The US fired more than 118 missiles at Syria in coordinated response to suspected chemical weapons attack

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Syria Air Strikes Damascus

The US fired more than 118 missiles in “precision strikes” on Syria on Friday night.
Defense Secretary James Mattis said the number of weapons used was “a little over double” that of a 2017 air strike on Syria which involved 59 Tomahawk missiles.
If Tomahawk missiles were used, the minimum weapons cost of the Friday strike would be $165 million.

The US fired more than 118 missiles on Syria on Friday in precision strikes that were fired in response to a suspected chemical weapons attack last weekend.

US Defense Secretary James Mattis confirmed that the US used more than twice as many missiles as it did in a 2017 strike on Syria’s Sharyat Airbase on April 7, 2017. That attack used 59 Tomahawk missiles, and was ordered by President Donald Trump, who said the action was in response to a chemical attack three days earlier.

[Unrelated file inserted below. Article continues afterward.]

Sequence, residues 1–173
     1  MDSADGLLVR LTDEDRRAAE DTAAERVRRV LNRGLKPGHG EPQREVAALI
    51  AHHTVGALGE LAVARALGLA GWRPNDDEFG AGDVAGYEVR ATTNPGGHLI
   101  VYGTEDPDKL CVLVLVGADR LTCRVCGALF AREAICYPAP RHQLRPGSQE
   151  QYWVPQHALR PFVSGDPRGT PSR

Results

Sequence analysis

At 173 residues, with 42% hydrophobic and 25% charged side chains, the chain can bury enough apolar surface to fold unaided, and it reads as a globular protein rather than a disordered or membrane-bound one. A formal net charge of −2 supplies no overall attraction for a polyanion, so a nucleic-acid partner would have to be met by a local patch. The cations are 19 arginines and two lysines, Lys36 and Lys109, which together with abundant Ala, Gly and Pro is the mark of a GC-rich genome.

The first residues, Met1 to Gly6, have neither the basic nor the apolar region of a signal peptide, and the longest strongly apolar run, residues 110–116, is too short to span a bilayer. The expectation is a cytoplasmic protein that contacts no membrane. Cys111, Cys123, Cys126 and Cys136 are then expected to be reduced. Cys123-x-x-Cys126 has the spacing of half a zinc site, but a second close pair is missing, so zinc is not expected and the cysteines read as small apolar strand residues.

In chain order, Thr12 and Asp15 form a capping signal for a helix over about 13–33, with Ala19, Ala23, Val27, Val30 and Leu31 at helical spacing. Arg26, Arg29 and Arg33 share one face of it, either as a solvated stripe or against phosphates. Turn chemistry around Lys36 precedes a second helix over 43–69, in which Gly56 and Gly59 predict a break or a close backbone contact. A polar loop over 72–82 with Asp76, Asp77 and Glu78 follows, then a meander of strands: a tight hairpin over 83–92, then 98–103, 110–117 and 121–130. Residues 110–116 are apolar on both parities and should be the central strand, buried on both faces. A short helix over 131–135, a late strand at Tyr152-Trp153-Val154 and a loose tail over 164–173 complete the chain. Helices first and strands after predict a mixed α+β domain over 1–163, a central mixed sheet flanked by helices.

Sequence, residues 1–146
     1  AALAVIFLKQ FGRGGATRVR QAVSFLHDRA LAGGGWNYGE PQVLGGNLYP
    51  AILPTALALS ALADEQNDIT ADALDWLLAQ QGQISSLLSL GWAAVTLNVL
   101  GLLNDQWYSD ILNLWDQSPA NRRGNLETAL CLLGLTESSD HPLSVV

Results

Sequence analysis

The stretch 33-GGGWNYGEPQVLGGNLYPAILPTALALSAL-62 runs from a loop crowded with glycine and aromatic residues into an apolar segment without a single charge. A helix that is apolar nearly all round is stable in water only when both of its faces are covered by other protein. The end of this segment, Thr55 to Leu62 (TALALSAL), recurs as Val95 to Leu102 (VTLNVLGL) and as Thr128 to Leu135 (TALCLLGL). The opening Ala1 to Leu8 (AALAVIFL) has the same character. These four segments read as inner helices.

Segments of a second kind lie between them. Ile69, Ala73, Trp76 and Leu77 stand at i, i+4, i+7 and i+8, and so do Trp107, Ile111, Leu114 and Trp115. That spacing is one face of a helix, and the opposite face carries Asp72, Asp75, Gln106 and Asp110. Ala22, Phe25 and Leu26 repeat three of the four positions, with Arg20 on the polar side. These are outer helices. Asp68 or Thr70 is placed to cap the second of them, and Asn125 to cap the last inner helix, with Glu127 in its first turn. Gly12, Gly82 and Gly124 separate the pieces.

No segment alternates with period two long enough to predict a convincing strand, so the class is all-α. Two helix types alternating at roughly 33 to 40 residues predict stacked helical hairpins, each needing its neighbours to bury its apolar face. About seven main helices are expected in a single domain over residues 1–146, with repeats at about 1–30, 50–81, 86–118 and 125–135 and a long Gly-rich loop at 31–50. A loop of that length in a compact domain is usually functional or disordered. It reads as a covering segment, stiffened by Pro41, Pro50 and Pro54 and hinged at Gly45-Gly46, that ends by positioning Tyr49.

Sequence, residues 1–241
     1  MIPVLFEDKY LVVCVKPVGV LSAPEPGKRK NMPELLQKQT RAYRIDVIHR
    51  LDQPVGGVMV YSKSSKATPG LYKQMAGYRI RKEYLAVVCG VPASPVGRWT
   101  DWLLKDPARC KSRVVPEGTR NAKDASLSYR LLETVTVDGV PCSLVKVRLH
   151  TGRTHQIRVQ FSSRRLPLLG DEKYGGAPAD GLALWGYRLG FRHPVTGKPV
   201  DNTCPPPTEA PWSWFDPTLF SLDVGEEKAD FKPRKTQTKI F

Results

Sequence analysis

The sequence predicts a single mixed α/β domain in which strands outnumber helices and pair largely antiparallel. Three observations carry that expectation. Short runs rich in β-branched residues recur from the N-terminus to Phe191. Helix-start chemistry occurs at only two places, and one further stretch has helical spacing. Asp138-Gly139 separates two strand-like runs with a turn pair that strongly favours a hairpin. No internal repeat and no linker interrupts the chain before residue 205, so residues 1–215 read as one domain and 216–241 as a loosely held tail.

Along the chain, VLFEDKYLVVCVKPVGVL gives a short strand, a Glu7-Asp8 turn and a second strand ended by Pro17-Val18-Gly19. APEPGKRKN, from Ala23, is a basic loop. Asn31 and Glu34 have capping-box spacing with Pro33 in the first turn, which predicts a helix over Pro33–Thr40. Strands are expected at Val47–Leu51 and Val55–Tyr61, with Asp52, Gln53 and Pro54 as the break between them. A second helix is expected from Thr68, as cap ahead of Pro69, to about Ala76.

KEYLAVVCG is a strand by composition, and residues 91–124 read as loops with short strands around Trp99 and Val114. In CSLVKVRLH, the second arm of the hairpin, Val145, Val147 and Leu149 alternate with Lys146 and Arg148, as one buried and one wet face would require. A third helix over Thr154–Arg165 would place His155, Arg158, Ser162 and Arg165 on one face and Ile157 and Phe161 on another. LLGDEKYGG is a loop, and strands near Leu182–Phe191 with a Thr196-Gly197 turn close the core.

“We used a little over double the number of weapons this year than we used last year,” Mattis said on Friday.

“We were very precise and proportionate, but at the same time it was a heavy strike,” he said.

It’s unclear yet what weapons were used. But if the Raytheon-produced Tomahawk missiles, which have an estimated cost of $1.4 million each, were used in Friday’s strike, that puts the minimum weapons cost at $165.2 million.

Friday’s strike was launched in retaliation for a suspected chemical weapons attack last Saturday which killed dozens of people, and injured scores more.

Shortly after the attack, President Donald Trump and French President Emmanuel Macron agreed to a “strong, joint response” if it was found the attack believed to be made by Assad’s regime used a chemical weapon. UK Prime Minister Theresa May reportedly also spoke with Trump this week.

France and the UK have joined the US military operation.

SEE ALSO: US, Britain, and France hammer Syria with airstrikes in response to suspected chemical weapons attack that killed dozens

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Source:: Business Insider

      

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